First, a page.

My advice to people switching careers is that there is no such thing as magic, and talent is often overrated. There are tricks and techniques for effective software development, just like there are tricks and techniques for cooking or gardening or getting organized, and you don’t have to be any kind of mythical talented programmer to learn them. When it gets hard, don’t lose heart — the problem isn’t that you aren’t cut out for this, you just need to learn the relevant technique. As a corollary, never forget to pay attention not just to what you are doing, but how you are doing it. When you work with skilled developers, watch for the techniques they use to find solutions, not just the solutions themselves.
Location: San Francisco, CA
Former Role: Writer
Current Role: Engineering Manager, Pivotal
Since I was a little kid, I’ve been obsessed with reading and writing — I wanted to consume and produce stories. I didn’t immediately choose to study English, instead waffling over almost ten choices, but ultimately it seemed the natural choice since I felt that English, at its core, spanned everything. I’d be studying how to think, write, and speak — nothing seemed more valuable to me.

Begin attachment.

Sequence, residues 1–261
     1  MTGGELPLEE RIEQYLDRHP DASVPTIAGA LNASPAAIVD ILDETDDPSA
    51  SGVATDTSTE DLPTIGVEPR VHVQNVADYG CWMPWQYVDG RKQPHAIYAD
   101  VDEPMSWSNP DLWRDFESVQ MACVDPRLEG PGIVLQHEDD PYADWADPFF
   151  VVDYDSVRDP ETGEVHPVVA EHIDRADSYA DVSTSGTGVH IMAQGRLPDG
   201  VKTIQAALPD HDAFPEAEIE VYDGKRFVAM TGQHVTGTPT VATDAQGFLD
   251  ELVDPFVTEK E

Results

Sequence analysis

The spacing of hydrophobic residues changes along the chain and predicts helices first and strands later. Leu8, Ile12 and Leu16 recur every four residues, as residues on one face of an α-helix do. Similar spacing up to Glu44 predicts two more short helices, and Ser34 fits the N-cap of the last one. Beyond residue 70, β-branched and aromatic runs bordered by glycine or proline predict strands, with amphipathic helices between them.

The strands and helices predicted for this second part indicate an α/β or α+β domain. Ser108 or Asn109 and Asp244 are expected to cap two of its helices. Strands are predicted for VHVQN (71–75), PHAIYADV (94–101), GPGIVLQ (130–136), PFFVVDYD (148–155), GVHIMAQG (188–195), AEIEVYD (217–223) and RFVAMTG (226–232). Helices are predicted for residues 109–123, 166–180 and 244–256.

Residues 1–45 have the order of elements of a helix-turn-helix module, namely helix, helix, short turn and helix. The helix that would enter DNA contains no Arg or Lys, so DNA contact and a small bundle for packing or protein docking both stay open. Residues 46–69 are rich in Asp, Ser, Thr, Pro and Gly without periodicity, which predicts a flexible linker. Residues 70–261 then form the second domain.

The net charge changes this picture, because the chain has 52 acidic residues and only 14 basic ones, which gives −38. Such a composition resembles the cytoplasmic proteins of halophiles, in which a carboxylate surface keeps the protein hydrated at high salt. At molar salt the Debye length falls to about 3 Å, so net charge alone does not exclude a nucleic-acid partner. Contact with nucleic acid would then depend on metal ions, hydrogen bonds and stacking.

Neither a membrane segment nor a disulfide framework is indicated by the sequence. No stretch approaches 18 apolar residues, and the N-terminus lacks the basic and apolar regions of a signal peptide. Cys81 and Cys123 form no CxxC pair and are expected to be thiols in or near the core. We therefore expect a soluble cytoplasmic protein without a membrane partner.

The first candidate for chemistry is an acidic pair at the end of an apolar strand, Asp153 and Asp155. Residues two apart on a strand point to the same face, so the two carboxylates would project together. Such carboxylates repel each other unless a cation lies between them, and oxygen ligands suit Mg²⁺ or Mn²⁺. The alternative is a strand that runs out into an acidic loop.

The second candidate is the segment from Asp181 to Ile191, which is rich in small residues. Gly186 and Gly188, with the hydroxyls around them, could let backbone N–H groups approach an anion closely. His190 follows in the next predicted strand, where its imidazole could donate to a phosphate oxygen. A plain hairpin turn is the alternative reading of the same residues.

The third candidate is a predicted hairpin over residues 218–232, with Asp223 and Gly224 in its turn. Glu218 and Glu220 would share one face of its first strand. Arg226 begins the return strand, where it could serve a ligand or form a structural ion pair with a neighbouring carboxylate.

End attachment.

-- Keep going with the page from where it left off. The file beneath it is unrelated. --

One of the reasons I vacillated for so long about what I’d major in is because I had so many different interests. Over my college years, I started to realize that I couldn’t only take courses where the outcomes felt highly subjective, such as “furthering a discourse”. I loved the logic of my philosophy classes, and the beautiful simplicity at the core of complexity in my math classes. I took an introduction to computer science class and realized that with software engineering, I could combine creativity, communication, and logical reasoning. I was hooked.